ALBUM REVIEW: Salutations by Conor Oberst

    No need to put aside your insecurities, you can bring all of your baggage to listen with you.

    By Bridgette Bayley

    In October of 2016, Conor Oberst released Ruminations. The album hit home for me, having everything I need in a good Oberst album, references to depression and addiction and lost love.

    There were ten tracks of Conor playing completely by himself, no band, and was recorded in under 48 hours. Essentially, he had been preparing these songs and was not ready to release them, but had been encouraged by those close to him to put the music out because they loved it so much.

    Now, in 2017, the sister album to Ruminations has debuted featuring those same 10 songs and seven more. This time, the songs are recorded with a band and it’s hard to say which sounds better when you compare the pieces.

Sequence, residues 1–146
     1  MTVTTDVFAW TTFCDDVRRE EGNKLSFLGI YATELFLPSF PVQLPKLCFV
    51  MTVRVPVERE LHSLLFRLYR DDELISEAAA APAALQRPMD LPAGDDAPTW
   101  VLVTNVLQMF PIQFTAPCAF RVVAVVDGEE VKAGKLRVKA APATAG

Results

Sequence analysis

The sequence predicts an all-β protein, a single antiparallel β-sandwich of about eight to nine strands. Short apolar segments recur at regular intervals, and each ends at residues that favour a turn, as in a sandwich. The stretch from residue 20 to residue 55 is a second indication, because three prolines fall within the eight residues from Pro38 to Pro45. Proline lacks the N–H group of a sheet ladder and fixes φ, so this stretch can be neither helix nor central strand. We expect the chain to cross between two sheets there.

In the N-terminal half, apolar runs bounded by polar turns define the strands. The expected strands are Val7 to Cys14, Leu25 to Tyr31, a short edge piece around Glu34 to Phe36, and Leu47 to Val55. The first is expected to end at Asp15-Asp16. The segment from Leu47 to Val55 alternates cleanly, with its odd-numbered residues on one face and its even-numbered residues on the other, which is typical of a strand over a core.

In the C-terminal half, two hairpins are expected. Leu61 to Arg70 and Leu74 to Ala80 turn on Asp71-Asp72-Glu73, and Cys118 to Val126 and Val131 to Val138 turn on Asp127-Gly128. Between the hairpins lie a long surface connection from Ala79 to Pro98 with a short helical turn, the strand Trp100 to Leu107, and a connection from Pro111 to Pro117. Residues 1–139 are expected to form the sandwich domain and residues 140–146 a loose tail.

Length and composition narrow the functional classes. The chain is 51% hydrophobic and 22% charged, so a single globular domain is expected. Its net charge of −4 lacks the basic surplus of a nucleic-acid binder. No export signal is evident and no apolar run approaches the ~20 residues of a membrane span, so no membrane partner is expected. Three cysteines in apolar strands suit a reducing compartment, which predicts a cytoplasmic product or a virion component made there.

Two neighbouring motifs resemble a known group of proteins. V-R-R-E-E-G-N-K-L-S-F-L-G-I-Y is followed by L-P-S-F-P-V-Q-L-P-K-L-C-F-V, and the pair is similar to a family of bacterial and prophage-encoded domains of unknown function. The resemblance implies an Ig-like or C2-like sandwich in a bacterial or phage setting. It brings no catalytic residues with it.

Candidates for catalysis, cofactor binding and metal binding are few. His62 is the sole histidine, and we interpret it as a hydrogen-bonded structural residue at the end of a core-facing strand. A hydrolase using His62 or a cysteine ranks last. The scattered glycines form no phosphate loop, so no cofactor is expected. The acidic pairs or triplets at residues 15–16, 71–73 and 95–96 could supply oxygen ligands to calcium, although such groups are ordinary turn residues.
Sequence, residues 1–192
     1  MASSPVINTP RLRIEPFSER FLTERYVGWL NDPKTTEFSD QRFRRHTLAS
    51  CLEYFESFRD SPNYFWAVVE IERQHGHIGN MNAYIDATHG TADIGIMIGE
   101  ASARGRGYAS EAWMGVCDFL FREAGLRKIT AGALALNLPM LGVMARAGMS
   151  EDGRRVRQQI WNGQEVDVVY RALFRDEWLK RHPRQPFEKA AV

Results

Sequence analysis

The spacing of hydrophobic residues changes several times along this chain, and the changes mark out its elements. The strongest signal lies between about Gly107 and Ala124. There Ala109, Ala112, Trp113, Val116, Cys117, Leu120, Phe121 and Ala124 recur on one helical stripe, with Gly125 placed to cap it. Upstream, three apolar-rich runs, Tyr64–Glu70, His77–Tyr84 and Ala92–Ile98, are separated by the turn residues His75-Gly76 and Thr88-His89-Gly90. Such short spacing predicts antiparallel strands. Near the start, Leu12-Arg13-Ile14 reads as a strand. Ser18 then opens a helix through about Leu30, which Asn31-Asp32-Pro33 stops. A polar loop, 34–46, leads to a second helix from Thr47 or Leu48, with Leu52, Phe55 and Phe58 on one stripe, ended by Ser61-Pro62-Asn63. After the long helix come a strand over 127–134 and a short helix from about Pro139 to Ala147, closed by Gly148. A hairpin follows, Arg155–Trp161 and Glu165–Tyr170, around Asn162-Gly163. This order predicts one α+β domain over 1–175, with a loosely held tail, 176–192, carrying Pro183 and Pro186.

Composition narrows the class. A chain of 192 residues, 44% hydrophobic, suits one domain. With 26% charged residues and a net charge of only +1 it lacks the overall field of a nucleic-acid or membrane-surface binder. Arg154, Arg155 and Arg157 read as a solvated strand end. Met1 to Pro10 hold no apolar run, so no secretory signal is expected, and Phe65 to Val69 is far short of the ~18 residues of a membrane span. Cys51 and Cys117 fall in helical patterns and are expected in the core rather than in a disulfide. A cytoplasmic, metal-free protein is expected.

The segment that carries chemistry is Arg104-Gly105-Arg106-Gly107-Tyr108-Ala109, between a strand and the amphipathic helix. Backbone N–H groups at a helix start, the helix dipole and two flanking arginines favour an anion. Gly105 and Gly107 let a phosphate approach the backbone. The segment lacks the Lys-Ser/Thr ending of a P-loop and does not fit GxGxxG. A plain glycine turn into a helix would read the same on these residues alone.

I would actually recommend not attempting to compare Salutations to Ruminations, because the songs actually work well both ways and the story of the albums is told very differently through the accompaniment (or lack there of in Ruminations) of the band.

    If you’re waiting for Conor Oberst to stand on stage next to Mariah Carey and compete, you’ll have to keep waiting because that’s nowhere in this reality. What I mean by that is, he is not the strongest vocalist by society’s standards.

    That being said, it’s his “average” voice that so simply carries the tune, which highlights the gem of his music… the lyrics.

    I don’t know how most feminists would feel about Oberst, considering he’s a cis-gendered white male from a wealthy family who was recently accused of sexual aggression. But for someone so “privileged”, he sure knows about wrestling demons and depression.

    The themes of his music, and this album in particular, are centered on adultery… substance abuse… and sadness. This is not for the feint of heart, but this is for people who want to connect with art.

    This is not for twerking, this is for mental work… being introspective. Please listen with a drink (or several). No need to put aside your insecurities, you can bring all of your baggage to listen with you.


    Bridgette Bayley is an Avalon Park resident, UCF computer science student, and mother of one.